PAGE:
Software can seem like an intangible entity, but it has very real impacts on our physical world. For software to power the programs and pages that build our digital lives, it must consume energy to operate, potentially contributing to climate change. Consider an extreme example – the explosive growth in cryptocurrency mining. The power required annually to produce Bitcoin equals Argentina's total energy consumption, with carbon dioxide emissions equivalent to all of Greece.
One research study found that global computing could be responsible for as much as 2.1-3.9% of global greenhouse gas emissions, greater than the aviation industry.
We know that by using more environmentally-friendly physical infrastructure – such as green data centers that draw from renewable energy sources, or that use low-power servers – we can reduce the carbon footprint of computing. However, equally important is an emphasis on how we design, develop, and deploy the software that runs overtop that hardware. We can reduce carbon emissions from technology even further by ensuring software runs as efficiently as possible, thus using the least amount of energy necessary.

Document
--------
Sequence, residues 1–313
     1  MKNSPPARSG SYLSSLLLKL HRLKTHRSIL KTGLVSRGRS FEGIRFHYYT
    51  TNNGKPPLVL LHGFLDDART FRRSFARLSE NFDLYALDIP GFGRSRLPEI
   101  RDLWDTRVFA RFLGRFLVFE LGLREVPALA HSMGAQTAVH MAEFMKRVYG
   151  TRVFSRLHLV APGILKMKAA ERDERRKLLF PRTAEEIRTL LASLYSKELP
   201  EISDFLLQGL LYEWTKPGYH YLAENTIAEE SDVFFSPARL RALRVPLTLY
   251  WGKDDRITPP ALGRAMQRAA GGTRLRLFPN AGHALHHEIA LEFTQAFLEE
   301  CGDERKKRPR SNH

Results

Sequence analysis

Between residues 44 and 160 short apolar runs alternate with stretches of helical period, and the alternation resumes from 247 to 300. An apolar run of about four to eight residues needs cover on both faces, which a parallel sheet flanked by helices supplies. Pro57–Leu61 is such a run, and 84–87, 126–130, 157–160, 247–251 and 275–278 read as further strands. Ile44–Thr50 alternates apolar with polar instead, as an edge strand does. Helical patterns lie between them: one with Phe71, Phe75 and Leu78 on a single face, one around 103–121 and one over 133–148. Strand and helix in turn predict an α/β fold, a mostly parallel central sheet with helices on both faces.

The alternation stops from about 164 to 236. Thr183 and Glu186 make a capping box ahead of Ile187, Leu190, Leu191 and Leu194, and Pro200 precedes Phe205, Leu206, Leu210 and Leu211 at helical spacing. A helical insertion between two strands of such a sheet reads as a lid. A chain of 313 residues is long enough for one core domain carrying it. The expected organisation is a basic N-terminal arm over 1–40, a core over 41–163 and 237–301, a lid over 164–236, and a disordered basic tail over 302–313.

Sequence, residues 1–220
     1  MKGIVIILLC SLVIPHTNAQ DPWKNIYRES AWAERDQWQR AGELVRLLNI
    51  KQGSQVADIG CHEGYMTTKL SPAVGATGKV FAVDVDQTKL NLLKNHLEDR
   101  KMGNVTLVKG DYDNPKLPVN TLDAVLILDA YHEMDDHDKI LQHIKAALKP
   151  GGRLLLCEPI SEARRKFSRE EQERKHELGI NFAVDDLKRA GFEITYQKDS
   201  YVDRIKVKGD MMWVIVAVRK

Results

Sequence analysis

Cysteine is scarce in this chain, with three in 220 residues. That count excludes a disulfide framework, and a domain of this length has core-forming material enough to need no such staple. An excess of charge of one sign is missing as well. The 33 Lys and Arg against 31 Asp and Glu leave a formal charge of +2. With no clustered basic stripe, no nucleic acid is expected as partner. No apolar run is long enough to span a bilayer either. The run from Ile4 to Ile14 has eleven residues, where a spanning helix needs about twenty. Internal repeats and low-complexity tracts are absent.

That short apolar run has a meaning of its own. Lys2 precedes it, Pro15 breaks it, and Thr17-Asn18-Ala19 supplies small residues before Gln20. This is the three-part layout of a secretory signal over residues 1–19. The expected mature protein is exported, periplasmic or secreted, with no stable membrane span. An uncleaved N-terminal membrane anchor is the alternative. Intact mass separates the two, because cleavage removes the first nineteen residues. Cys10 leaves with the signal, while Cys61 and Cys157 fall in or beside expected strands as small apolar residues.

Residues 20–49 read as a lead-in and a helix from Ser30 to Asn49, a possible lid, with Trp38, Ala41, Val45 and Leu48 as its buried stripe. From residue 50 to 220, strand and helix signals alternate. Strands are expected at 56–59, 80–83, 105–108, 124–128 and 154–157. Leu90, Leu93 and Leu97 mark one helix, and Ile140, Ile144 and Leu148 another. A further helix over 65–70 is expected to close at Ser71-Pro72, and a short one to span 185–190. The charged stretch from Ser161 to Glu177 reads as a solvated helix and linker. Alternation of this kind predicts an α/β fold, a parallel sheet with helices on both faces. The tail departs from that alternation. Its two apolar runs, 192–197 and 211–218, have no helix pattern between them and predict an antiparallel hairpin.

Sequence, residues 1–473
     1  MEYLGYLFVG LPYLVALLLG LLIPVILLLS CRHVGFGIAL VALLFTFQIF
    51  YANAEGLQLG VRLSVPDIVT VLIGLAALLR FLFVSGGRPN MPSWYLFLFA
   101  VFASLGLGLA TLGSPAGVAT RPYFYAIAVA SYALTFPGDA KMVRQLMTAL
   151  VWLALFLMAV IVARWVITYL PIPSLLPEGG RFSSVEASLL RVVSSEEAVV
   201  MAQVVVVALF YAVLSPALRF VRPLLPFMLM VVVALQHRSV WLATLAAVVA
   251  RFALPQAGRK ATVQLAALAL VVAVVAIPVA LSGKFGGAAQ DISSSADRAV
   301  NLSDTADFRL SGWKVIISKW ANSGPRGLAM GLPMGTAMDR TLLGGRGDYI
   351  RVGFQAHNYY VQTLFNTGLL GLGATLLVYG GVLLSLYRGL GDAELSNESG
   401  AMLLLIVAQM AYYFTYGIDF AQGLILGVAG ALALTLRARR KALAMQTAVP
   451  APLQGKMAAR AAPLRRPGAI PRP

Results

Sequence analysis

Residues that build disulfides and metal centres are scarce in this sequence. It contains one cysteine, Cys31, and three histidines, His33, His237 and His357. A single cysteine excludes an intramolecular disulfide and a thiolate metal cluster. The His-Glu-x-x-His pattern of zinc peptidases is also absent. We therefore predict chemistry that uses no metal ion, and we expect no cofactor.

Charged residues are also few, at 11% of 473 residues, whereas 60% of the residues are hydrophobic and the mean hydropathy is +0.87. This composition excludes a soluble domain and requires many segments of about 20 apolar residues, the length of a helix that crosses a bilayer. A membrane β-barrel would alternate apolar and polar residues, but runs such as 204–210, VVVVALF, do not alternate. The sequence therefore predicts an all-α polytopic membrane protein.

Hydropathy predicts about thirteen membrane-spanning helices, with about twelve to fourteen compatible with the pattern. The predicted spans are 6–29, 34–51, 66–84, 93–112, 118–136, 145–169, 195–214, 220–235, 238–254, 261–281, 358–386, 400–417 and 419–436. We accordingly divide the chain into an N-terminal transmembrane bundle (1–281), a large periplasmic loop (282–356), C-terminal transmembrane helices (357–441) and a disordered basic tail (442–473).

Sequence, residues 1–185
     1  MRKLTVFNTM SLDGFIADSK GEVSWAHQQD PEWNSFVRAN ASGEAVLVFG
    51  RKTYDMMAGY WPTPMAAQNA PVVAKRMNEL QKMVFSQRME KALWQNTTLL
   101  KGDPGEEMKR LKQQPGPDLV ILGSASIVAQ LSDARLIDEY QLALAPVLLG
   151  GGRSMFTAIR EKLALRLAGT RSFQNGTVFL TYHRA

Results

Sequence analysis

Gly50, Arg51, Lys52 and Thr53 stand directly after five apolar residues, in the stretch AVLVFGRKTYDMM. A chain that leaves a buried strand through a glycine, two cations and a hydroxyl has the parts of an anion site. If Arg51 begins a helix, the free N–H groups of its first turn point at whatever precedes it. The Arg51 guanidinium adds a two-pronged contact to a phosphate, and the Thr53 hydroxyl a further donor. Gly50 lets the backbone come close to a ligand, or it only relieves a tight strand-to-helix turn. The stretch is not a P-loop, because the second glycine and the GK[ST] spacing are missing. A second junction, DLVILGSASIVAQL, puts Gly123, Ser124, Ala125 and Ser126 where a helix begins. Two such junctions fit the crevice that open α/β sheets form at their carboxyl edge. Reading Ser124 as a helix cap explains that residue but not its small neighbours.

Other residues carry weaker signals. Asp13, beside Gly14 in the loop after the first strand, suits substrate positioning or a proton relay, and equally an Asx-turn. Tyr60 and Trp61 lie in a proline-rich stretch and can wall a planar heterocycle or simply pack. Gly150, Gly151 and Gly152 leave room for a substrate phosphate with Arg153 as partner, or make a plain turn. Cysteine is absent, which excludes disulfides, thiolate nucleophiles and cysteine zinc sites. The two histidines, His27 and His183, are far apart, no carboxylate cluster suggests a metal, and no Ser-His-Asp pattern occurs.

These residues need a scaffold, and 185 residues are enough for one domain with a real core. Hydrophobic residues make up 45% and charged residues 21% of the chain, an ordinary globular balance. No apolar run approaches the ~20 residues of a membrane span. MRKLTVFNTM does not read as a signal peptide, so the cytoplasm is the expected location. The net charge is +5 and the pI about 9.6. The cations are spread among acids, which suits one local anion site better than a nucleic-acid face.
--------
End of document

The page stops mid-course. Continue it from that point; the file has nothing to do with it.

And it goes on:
Given the climate change crisis, all enterprises have a responsibility to rein in carbon emissions as they expand their use of technology, particularly the U.S. federal government. Yet, this “green software” approach has benefits beyond just sustainability. Accenture surveyed commercial organizations and found that 44% report that focusing on sustainability helps build better quality software.
A more efficient use of compute resources can also reduce costs and improve how agencies meet mission needs. Federal technologists face a number of daunting challenges right now, including implementing zero trust models and retiring technical debt. Yet, more sustainable IT through green software is not a net-new goal to work toward; rather, it is in line with the well-worn mission imperatives of advancing operational efficiency, stability, and effectiveness.
What is green software for the federal government?
Green software is a discipline that emphasizes energy efficiency as a core software metric, alongside the traditional parameters of functionality, security, and scalability.